In it, but not of it. TPM DC

MIT Scientist: Republicans Misusing My Climate Change Paper

  • April, 2007: Reilly and several coauthors release a paper titled "Assessment of U.S. Cap-and-Trade Proposals, which estimates early annual revenues from such legislation would run $366 billion
  • Sometime between April, 2007 and March, 2009: House Republicans get a hold of his paper, divide $366 billion by the number of households in America, and conclude, erroneously, that the quotient ($3,128) will be the average cost per home.
  • March, 2009: Republicans begin using this number in press releases, citing Reilly's study
  • Shortly thereafter: The Obama administration gets in touch with Dr. Reilly and asks him to explain his study and the number--he corrects the record.

  • A week or so ago: Independently, a woman who says she's with the House Republicans calls Reilly--aware of the number, she invites him to come testify against cap and trade legislation. Reilly informs her that her number is probably wrong, and that he supports cap and trade legislation.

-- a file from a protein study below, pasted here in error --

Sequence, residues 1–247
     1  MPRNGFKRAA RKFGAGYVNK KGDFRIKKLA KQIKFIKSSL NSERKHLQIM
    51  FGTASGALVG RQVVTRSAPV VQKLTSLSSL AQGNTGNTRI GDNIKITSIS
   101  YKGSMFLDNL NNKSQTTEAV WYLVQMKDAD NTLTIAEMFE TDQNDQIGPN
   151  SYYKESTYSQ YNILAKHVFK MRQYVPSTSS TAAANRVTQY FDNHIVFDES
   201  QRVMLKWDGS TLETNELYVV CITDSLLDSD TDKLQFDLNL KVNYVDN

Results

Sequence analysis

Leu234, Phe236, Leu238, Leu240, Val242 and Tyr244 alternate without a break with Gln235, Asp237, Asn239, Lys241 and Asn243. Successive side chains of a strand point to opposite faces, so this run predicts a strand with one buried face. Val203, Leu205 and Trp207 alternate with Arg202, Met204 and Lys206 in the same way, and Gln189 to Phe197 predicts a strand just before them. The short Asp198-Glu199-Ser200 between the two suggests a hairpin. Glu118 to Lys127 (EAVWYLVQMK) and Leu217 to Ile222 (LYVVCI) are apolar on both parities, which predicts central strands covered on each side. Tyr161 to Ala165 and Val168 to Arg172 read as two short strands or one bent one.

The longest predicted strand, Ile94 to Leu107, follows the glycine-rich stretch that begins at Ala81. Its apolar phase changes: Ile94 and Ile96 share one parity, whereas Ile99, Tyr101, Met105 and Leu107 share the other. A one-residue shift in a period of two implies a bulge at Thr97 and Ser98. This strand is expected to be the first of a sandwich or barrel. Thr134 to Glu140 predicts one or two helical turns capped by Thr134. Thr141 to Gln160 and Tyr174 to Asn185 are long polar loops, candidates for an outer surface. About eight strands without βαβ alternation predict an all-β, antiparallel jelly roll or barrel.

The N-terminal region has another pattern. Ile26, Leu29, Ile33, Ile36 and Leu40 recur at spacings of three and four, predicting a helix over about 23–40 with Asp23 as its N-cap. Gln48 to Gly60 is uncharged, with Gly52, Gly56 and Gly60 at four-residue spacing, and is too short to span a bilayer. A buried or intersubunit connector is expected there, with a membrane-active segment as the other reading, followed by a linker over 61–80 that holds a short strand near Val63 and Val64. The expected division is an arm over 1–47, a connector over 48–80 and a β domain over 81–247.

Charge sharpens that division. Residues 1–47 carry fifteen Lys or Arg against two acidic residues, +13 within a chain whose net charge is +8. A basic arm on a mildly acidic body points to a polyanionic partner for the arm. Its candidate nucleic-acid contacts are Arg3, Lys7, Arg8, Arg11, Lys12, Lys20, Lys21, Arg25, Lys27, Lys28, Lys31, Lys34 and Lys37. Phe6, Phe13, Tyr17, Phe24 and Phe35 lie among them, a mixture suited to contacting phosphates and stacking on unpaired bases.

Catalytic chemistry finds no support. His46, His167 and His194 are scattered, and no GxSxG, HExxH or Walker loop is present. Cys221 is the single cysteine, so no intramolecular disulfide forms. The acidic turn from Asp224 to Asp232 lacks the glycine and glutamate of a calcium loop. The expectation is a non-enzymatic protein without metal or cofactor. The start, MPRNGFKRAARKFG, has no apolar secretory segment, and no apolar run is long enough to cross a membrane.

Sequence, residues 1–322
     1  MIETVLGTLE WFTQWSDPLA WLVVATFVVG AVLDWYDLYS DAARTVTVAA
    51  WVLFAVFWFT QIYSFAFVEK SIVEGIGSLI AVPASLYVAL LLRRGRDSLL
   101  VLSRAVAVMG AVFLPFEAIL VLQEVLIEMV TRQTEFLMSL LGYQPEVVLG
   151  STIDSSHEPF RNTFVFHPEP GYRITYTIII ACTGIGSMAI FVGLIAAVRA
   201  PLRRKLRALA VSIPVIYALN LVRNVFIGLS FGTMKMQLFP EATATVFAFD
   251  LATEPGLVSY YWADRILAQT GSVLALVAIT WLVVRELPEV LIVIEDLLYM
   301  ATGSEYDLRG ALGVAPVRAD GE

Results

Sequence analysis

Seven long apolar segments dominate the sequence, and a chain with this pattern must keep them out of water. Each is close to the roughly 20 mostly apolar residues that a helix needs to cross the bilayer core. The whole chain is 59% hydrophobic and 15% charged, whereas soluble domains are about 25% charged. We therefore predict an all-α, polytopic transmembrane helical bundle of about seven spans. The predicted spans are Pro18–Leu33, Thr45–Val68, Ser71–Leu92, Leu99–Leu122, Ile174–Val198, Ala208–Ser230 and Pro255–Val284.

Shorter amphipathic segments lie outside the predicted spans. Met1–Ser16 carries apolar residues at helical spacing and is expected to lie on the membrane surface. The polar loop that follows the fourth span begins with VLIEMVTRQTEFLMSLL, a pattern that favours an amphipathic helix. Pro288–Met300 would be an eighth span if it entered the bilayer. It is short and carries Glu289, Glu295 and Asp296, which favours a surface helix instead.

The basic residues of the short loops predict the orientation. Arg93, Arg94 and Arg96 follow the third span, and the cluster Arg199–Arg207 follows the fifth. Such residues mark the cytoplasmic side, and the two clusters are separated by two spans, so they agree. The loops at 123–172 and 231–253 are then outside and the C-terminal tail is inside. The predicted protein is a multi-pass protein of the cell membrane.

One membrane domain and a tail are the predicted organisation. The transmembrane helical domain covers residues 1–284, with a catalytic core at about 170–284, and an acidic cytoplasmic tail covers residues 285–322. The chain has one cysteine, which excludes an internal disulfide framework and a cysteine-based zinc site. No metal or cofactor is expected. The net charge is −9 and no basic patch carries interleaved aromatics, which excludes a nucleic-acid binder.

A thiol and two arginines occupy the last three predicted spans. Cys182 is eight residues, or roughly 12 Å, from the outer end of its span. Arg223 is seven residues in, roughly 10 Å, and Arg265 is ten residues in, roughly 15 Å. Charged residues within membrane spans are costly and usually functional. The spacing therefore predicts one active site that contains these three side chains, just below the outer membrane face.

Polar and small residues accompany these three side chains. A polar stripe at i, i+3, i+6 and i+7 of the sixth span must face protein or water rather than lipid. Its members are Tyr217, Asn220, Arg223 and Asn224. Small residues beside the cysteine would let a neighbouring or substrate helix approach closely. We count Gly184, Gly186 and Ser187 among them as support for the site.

• A couple days ago: A group contacts Reilly to inform him that a large number of press releases were being issued, still trumpeting the false cost.
That brings us to yesterday. Now, Reilly can't say for certain that word ever went out from the woman who called him to party leaders letting them know they'd gotten the math badly wrong. It's possible, according to Reilly, that "she didn't find the speaker she wanted so she went about her work." At the same time, he adds, "they could certainly have called us at any time and checked their facts." But, of course, they didn't.

So Reilly isn't taking any more chances. Yesterday he sent letters to Rep. Ed Markey--author, along with Henry Waxman, of House climate change legislation--and House Minority Leader John Boehner explaining the error and seeking to "clear up any misunderstanding created by this press release and to avoid further confusion." The question is, will House Republicans correct the record or, at the very least, stop citing the number from this point forward. We'll put the question to them and keep an eye on their public statements, press releases, and other documents.